Römers’ House in Bokšto Street, Vilnius, in Edward Mateusz Römer’s Life and Creative Work
Keywords: Edward Mateusz Römer, nineteenth-century painting, Vilnius, architecture, painting studios, Römers’ house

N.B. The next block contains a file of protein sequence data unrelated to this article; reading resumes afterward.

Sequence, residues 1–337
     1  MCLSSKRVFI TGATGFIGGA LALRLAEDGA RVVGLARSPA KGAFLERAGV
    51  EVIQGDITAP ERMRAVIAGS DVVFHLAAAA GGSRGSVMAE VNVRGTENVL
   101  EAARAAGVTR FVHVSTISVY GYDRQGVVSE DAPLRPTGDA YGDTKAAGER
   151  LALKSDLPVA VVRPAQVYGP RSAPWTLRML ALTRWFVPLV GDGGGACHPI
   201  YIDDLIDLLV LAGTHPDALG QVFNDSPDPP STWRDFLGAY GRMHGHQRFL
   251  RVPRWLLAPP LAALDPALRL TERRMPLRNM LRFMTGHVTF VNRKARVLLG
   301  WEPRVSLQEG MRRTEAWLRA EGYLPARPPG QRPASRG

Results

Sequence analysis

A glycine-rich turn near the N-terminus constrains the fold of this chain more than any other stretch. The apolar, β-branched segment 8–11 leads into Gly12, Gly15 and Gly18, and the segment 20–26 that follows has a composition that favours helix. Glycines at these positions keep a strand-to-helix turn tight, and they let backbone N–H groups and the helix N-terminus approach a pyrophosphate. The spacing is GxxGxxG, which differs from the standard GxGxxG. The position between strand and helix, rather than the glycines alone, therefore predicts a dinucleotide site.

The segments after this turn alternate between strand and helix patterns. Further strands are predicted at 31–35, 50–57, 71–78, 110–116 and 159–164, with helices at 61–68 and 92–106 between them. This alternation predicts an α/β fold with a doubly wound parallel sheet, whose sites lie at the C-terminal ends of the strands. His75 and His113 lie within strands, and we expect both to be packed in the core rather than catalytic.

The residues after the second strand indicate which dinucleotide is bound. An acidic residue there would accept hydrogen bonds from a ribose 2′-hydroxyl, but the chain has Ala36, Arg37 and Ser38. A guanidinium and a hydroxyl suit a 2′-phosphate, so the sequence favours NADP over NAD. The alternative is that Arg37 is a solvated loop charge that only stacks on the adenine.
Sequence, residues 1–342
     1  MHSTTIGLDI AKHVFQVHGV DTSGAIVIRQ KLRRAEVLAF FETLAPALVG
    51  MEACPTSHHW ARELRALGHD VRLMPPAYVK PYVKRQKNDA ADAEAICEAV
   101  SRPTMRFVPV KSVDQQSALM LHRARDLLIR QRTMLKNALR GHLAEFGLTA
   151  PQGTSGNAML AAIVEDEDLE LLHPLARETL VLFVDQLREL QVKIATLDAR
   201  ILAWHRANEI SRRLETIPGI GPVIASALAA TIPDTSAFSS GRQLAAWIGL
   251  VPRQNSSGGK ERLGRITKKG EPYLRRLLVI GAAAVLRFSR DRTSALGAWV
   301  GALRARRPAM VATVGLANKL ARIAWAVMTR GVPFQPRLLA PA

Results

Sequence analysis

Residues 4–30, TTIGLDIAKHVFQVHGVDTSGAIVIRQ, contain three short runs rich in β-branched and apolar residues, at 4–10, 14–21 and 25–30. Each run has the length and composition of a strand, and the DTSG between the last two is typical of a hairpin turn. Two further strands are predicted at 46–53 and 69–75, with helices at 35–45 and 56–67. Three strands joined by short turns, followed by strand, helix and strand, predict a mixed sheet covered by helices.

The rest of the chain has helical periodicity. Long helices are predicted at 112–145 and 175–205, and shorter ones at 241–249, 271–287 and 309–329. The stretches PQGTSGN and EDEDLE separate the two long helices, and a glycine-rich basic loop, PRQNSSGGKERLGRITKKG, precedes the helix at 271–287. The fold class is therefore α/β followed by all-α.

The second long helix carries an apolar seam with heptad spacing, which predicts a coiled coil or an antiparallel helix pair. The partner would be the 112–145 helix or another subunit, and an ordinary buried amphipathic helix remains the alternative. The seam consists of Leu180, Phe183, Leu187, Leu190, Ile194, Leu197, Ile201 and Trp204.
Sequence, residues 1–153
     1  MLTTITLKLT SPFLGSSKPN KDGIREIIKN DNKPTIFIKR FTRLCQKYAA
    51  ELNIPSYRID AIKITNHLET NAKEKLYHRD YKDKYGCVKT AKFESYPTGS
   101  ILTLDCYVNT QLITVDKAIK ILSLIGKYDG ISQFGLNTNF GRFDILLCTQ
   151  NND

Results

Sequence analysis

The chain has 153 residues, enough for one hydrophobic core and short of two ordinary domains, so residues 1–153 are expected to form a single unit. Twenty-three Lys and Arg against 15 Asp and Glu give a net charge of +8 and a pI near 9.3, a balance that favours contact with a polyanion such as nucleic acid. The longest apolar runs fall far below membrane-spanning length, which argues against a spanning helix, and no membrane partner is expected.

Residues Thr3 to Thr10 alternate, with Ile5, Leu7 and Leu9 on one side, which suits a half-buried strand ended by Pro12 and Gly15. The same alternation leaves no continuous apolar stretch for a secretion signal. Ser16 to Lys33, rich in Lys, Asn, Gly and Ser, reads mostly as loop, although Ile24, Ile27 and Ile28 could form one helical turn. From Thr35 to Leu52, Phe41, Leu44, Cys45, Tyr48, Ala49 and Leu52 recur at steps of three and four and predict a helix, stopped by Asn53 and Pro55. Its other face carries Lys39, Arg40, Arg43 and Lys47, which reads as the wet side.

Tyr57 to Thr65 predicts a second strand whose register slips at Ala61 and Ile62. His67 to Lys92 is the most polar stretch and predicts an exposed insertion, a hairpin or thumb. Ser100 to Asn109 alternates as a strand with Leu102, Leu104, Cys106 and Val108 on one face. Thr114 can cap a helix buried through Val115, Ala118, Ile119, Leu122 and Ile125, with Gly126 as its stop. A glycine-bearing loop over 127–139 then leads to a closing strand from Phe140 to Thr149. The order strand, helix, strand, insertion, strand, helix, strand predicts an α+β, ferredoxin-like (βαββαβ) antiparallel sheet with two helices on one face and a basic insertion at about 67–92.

AbstractThe article presents a hitherto unknown painting by Edward Mateusz Römer (1848–1900), a representative of a painters’ dynasty from Vilnius. The painting, which is currently referred to as “Spring in Vilnius”, features the house of the artist’s family in Vilnius. In order to fully evaluate the iconography of the work, considerable attention is given to the object of the work itself. The canvas features the courtyard and northern-side buildings of Römersʼ house in Vilnius, at the intersection of Savičiaus and Bokšto streets. Based on various written sources (house descriptions in tariff books, egodocuments of the Römer family), the development of the possession over the years and the functioning of the house in the nineteenth century are reconstructed. Also, changes in the structure of the living spaces are revealed, including the localisation of various premises and specification of the whereabouts of E. M. Römerʼs painting studio within the building complex. Throughout the nineteenth century, Römer’s house in Bokšto Street in Vilnius was the centre of the family’s social and cultural life. The main residential masonry buildings were mostly concentrated in the northern and eastern parts of the courtyard, whereas the wooden residential and livestock buildings were on the opposite side of the courtyard, to the right of the gate. After 1948, all the buildings in the southern part of the house were destroyed. Only the residential masonry houses consisting of three buildings located along the northern and eastern boundaries of the possession have survived to this day. The analysis of the origin revealed that the masonry in the northern part, which almost reached the top of the walls, dates back to 1792–1808. The reconstruction could have been related to Michał Józef Römer’s marriage in 1799. Most probably the “illusory” wall imitating the facade was built during the same year. At the end of the eighteenth and the beginning of the nineteenth century, the eastern building on the hillside was the main building of the house. According to the data of 1812, by that time M. J. Römer’s apartment was in the more spacious part of the northern building (on the second floor), but from 1816 to1821, seven rooms of this apartment, rearranged according to the design of the architect Joseph Poussier, were leased to “Gorliwy Litwin”, the Masonic Lodge of Vilnius. In 1816, Michał Józef Römer and his wife Rachel moved back to the eastern building where they lived until M. J. Römer’s death. Their children with families lived in the apartments of the northern building, which were reconstructed between 1834 and 1837. From the end of eighteenth century until 1863, the first floor of the more spacious northern building, the so called “courtyard building” located away from the street, served as a stable and a carthouse. Later this part of the building was reconstructed, served as a painting studio of Adam Szemesz until 1864, and was E. M. Römer’s painting studio after 1877. The courtyard was a very important part of the complex of buildings. Part of it was occupied by an orchard and a small vineyard. After 1863, E. J. Römer decided to arrange the so-called “grove” of decorative plants for walking and relaxation. In 1850, a masonry studio for the painter Kanuty Rusiecki (1800–1860) was built in the courtyard of Römers’ house. For some time, this studio was also used by the painter Jan Zenkiewicz (1825–1888). Unfortunately, the building did not survive to this day. In the creative legacy of E. M. Römer, the paintings featuring the house in Bokšto Street are especially valuable. The painter concentrated on these motives during the last decade of his life, especially before 1897, when he mainly resided in Vilnius. E. M. Römer immortalised part of the courtyard and the northern buildings in the painting of 1893, which is now called “Spring in Vilnius”. Due to the painting quality of the work and its historical/iconographic value, this canvas is attributed to E. M. Römer’s most important extant works. In all likelihood, this painting is identical to the canvas “Under the Poplars” mentioned in the literature; in 1896, it was donated for the establishment of Jan Matejko’s museum in Krakow.